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Proposal Evaluation


Alternate Definition

Proposal evaluation is the assessment of a proposal to determine the offeror’s ability to successfully perform the prospective contract. It is also used to determine a fair and reasonable price for the contract requirement.

General Information

To conduct an effective evaluation, the proposal evaluation criteria must be clearly identified and defined in the request for proposal (RFP). Proposal evaluations must be conducted so the Government can select the proposal providing the best value to the Government. Best value can be determined using one of two methods: lowest price, technically acceptable or tradeoff. Proposal evaluation is also conducted for sole source acquisitions as part of agency preparations to assist agencies prepare for negotiations with suppliers.


Lowest Price, Technically Acceptable (LPTA). Award will be made to the offeror whose price is lowest among all proposals that were deemed to be technically acceptable.


  • LPTA does not permit trade-offs between price/cost and technical factors.
  • Determining best value using the LPTA method is appropriate when the requirement is not complex and the technical and performance risks are minimal. LPTA is suitable for acquisitions where service, supply, or equipment requirements are well defined and there is little difference among competing products or services.
  • The evaluation factors and significant subfactors that establish the requirements of acceptability must be set forth in the solicitation. The solicitation must specify that award will be based on the lowest evaluated price of proposals meeting or exceeding the acceptability standards for non-cost factors (FAR 15.101-2).
  • If factors such as labor mix and level of effort are important evaluation factors, the RFP must require that these areas be clearly quantified and addressed in the proposal.
  • LPTA is not appropriate for cost type contracts.


Tradeoff. The tradeoff method is used when it is in the Government’s best interest to consider award to other than lowest priced offeror, or to other than the offeror given the highest ratings for technical, management, past performance, or other non-cost/price factors. Under the tradeoff approach, the Government evaluates both cost/price and other performance factors. Award is made to the offeror whose proposal offers the best value to the government, considering trade-offs between price/cost and the other factors. All evaluation factors and significant subfactors that will affect contract award and their relative importance must be clearly stated in the solicitation. The solicitation must state whether all evaluation factors other than cost or price, when combined, are significantly more important than, approximately equal to, or significantly less important than cost or price (FAR 15.101-1). The two types of tradeoff methods are "subjective tradeoff" and "value adjusted total evaluated price" (VATEP). The differences between the two techniques are covered in Appendix B of the DoD Source Selection Procedures.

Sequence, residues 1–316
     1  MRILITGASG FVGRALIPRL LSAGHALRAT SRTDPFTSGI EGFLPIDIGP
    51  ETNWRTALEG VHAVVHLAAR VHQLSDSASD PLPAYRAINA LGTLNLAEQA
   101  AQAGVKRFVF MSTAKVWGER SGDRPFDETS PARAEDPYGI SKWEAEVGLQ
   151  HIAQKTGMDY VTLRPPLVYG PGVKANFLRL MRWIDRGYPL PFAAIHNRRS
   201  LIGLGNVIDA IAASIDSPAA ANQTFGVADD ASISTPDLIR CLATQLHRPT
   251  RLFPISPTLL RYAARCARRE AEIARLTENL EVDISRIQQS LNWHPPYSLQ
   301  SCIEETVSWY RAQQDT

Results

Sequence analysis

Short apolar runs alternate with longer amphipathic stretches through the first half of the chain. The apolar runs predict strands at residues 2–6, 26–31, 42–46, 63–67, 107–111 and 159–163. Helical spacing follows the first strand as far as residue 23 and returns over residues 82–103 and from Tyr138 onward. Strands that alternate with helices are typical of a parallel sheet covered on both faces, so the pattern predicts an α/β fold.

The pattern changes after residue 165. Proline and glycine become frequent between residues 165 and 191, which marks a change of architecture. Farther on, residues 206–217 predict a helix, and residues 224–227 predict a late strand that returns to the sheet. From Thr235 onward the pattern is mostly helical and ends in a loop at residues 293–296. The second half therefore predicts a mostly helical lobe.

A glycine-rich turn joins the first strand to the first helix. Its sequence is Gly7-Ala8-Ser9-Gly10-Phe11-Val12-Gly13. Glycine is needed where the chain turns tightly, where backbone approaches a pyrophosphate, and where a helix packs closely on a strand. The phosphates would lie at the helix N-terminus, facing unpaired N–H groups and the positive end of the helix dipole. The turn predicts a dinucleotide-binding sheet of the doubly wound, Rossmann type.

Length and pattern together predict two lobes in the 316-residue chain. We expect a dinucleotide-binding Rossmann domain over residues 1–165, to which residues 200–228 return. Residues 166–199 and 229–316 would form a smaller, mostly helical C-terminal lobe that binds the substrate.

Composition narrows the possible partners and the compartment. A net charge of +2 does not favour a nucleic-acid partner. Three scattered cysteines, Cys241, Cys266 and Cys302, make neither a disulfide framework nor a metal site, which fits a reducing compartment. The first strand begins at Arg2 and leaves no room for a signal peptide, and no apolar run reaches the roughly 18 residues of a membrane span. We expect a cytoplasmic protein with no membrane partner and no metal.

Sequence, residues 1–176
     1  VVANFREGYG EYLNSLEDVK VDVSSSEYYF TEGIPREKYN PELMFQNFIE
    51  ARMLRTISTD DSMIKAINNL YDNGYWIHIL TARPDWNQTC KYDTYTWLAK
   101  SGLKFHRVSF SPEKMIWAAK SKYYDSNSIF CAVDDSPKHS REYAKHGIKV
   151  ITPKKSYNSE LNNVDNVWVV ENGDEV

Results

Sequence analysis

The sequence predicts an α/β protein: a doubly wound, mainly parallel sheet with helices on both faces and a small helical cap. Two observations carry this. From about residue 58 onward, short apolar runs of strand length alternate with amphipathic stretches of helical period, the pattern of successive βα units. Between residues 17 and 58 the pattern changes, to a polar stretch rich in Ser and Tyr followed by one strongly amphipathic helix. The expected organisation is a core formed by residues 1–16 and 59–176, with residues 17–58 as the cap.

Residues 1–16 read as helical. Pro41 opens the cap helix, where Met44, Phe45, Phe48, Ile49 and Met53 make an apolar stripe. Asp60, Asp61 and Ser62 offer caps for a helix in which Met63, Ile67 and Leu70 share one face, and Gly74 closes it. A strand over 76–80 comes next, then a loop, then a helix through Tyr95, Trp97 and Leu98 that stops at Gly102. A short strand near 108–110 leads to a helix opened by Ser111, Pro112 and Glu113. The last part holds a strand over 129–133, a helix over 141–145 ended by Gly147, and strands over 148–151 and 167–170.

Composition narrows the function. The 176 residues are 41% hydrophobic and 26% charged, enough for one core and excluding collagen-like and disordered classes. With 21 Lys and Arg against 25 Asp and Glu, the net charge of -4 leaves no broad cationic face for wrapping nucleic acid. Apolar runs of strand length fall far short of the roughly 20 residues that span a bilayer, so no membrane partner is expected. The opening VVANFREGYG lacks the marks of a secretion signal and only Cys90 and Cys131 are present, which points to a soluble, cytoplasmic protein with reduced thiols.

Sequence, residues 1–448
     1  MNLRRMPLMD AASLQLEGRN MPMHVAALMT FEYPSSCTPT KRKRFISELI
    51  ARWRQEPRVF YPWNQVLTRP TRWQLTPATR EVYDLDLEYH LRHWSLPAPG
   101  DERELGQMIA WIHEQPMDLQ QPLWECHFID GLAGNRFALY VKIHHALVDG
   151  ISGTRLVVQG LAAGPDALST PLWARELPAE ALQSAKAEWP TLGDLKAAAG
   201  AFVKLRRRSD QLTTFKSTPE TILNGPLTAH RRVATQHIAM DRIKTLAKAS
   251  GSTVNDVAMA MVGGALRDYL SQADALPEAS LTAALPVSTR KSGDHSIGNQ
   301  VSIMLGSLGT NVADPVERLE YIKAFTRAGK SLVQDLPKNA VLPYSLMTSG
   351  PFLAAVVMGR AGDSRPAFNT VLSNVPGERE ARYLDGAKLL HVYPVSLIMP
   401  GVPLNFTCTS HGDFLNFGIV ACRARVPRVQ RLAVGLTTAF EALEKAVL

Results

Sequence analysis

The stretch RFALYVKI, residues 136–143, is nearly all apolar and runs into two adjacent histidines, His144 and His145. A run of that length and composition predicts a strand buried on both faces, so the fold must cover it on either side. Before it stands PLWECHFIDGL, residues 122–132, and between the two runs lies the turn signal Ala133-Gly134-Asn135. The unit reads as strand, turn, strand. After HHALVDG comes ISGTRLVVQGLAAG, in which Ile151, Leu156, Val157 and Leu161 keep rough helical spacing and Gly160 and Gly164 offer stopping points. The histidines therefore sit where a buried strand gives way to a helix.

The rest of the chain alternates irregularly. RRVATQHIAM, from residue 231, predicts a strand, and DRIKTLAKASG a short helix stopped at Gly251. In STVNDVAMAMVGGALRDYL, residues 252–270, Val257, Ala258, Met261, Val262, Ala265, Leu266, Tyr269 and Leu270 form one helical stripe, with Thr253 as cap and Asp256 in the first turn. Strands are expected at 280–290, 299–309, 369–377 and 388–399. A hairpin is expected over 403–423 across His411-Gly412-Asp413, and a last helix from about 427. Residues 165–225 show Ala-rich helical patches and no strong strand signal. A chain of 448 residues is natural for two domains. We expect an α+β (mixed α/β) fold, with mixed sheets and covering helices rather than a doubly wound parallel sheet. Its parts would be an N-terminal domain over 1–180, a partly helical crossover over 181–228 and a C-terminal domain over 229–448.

Sole Source. For non-competitive acquisitions, sole source proposals are evaluated for determination of a fair and reasonable price and for analysis of factors such as cost elements, technical and management approach, and adequacy of the terms and conditions of the prospective contract.


Proposal Evaluation Stages


  • Stage One – Planning. This stage includes establishing the evaluation criteria for award and submitting the evaluation criteria to the source selection authority for approval.
  • Stage Two – Forming The Evaluation Team. This stage includes: i) determining the specific teaming approach to be used; ii) nominating team members and selecting supporting contractor personnel; iii) briefing panel members on their responsibilities; iv) distributing documents and instructions to be used during the proposal evaluation; and v) convening the evaluation panel.
  • Stage Three – Conducting The Evaluation. This stage is tailored based on whether the tradeoff, LPTA, or sole-source approach is used.


Successful proposal evaluation depends on:


  • Appropriate, well-defined evaluation criteria
  • Evaluation rating standards that are understood and applied consistently among evaluators and among all proposals being evaluated
  • A careful review of the language in each proposal to ascertain how the offeror will meet the requirements of the RFP and to identify assumptions and statements that may indicate increased cost/price and/or risk to the Government.
  • Fully documented evaluation findings